Tough cheap machine???

I know this type of discussion usually starts a war, but just looking at
possible options. I had to take my Janome 5124 in for adjustment today.
I was sewing a backpack and going through thick fabric layers.
The machine has not been adjusted in 5 years, so it might not have been
the fabric throwing it off. It has served me well with my shirts
though. But its supposed to be able to handle heavy duty work too.
I'm looking for an inexpensive (
Reply to
duh
at that price you want to look at used machines. An old Singer 401 or 500 would be great tough machines. Taria
Reply to
Taria
Huskys are not exactly the best built machines. And mediocre sewing machine salespeople will always try to show you more machine than you need.
A used Singer 401 is one model that meets every last one of your requirements, unless you need a free arm. Look at the bottom picture here:
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(no affiliations with this site, but the guy has a good reputation) You might be able to find one in a thrift store for $20 or so, too. Most people don't want them because they think newer is better.
Reply to
Melinda Meahan - take out TRAS
Thanks. Your name looks familiar from a few years ago when I used to frequent this list. You live in the Bay Area?
Dwight
Reply to
duh
I bought my Janome out in Walnut Creek, but can't remember the name of the store. I seem to remember you live in that direction. I live in Newark now, but I'm wondering if I shouldn't take my machine in to them to take a look at, instead of going through this service at JoAnn's.
The name was something like "The Sewing Machine Place" or something orignal like that.
It hasn't been adjusted since I got it, about 4-5 years ago.
Reply to
duh
Oh, yes, The Sewing Machine Shop in Walnut Creek (it's about 6 or 7 miles from where I live), where I bought a wonderful 80s New Home with 30 stitches just a few short years back!
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Well, I know they are reputable, and they definitely are older-machine-friendly. Whether the store that holds the contract for the Joann's nearest you is a good store or not is beyond my knowledge. Some are and some aren't.
Reply to
Melinda Meahan - take out TRAS
I got a 130 at a second hand shop for $40 just last month. IMHO the thrift and second hand shops are the first place to look for the tough old machines.
I am a firm believer in all (or mostly anyway) metal, all mechanical machines. Also IMHO if you are sewing heavy or tough fabrics you won't do much better than such a machine. If you don't want anything fancier than maybe a zig zag, and you need rugged you may want to look into an old machine.
You may have to do some serious cleaning and oiling of a vintage machine, you may also have to do minor parts replacement (belts and such), but in the long run they usually provide a very good value.
NightMist
Reply to
NightMist
I heard back from Jim in Chico. He doesn't have any machines that will do zigzag right now.
Is there some trick with straight stitches that will emulate bar tacks, like maybe multiple parallel lines close together. Do these old 401s stitch in reverse?
THanks.
Dwight
Reply to
Taunto
Well, you can hand-guide a bar tack: stitch in one hole, raise the presser foot just enough to slide the other hole under the needle, lower the needle by turning the handwheel so that you can make a last-minute tweak to hit the hole exactly.
Or if the reverse stitch is on a lever that also controls the stitch length, you can adjust the stops so that the forward and reverse stitches are exactly the same length and bar tack by flipping the lever up and down.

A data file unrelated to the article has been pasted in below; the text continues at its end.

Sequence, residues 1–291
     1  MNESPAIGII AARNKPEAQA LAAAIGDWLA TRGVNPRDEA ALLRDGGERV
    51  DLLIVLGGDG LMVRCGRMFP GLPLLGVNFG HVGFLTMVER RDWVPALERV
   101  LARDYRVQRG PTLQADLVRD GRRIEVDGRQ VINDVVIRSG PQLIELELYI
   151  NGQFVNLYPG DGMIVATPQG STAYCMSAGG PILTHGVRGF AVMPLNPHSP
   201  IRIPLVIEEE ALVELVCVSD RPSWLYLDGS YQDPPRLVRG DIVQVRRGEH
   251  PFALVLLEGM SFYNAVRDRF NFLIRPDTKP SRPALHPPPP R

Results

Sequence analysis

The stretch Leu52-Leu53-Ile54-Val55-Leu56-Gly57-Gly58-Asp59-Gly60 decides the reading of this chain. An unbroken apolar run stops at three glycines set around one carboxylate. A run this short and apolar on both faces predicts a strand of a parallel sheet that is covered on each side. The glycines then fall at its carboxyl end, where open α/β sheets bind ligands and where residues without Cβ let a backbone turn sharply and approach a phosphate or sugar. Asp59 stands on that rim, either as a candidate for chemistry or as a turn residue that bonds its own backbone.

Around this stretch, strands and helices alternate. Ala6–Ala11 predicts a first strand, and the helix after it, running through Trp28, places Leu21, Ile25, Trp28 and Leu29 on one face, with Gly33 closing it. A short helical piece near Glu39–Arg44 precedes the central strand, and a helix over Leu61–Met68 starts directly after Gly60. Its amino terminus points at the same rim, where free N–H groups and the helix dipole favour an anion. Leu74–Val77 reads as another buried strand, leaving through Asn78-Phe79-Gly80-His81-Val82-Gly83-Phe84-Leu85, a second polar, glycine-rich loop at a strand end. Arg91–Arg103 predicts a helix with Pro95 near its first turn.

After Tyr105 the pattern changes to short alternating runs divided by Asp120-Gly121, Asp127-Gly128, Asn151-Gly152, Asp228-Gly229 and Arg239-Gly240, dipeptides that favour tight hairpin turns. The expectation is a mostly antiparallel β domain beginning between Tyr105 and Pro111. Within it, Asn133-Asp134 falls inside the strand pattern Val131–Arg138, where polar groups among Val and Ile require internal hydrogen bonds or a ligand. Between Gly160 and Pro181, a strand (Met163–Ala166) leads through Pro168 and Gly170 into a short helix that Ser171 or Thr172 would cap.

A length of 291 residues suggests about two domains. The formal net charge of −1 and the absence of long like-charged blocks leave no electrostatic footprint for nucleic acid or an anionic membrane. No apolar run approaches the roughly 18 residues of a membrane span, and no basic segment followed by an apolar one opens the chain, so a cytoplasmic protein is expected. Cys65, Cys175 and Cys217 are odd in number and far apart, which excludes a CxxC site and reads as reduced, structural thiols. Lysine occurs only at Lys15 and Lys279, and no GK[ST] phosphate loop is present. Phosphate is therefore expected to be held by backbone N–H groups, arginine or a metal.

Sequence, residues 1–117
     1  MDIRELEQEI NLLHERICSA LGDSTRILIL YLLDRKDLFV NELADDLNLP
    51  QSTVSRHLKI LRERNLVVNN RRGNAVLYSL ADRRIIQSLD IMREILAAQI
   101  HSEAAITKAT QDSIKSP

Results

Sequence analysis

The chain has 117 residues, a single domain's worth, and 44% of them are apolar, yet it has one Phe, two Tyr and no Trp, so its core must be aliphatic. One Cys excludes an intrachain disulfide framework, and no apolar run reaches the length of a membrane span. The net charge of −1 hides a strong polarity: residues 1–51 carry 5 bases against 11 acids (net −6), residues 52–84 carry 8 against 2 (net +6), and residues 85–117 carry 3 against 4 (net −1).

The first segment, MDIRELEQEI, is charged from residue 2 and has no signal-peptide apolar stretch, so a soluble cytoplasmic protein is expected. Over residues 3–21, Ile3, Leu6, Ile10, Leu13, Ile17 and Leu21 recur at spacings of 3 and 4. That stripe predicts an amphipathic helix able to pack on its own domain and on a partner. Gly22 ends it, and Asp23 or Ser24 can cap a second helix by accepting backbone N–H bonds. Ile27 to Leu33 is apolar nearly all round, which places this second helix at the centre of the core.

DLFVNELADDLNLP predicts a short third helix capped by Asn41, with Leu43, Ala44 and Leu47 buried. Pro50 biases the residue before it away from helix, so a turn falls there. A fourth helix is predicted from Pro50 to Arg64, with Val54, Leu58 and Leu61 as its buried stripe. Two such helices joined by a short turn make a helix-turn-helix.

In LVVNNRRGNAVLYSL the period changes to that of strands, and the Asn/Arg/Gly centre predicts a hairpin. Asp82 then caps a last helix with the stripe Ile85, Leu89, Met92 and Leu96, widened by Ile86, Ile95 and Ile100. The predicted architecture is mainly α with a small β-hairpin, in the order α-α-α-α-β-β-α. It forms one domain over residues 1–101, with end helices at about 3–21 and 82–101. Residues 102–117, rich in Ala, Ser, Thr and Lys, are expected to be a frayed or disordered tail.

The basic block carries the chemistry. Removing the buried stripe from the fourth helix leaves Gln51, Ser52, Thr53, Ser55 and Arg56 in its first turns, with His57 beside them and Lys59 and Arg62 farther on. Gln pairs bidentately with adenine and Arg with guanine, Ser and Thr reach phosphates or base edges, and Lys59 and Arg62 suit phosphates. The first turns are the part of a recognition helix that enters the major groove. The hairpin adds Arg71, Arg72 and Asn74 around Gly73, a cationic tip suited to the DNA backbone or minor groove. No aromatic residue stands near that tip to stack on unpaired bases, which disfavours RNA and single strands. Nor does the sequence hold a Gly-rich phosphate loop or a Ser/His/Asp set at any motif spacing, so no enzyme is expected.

But I make all my bar tacks by hand -- except when making machine-worked buttonholes. Hand tacks look neater, hold better, and mess up the fabric less -- and most of the time it's easier to make a few stitches by hand than to position the garment in the machine.
Oh, there's another exception: when I'm sewing on a patch pocket with zig-zag, I'll make a few zero-length stitches to begin and end the stitching. But if I sew a pocket on with straight stitch, and if for some reason I don't want to make a little loop to begin and end -- for me, at least, the loop always works out badly when I'm sewing knits -- I'll make a hand bar tack to finish the ends.
Joy Beeson
Reply to
Joy Beeson
Why not go top of the line used...a Singer 401 would certainly fit the bill. =20
-Irene
-------------- You only live once, but if you do it right, once is enough.=20 --Mae West=20 --------------
Reply to
IMS
I had a great time. Very relaxing, *and* I got some sewing done (an alteration for a customer - yes, I know! I don't do alterations! But this was an emergency); a customer skirt and top cut, and the major seams sewn on the fabric and linings, and some quilty things! :)
As for sewing machines: tough doesn't come cheap, but it does come inexpensive and pre-loved. You want new, try the Bernina 1008 at about £400 (I've usually seen it at £450 ish, but also as low as £379), or go for a slightly used commercial (NOT for a new sewist, though!). If you want domestic but tough, the 1008 or a well cared for pre loved older machine.
Reply to
Kate Dicey
I'm thinking along those lines. 401 or 500, but money is an issue. I got my Janome back Friday, will see how it does me. I'm running it a bit slower through the thick stuff now.
Boy, you think clothing patterns don't fill in all the details in the pattern instructions, try backpacks. After I get the first one done, perhaps I'll know a whole bunch more.
Hopefully I'll do better than the pair of pants I tried to sew once. Got all the way done except for the waistband, realized I cut something out upside down on the band, and then just lost all momentum. Still in a bag around here somewhere.
Besides, I can find pants to fit me. Shirts I can't.
Reply to
Taunto

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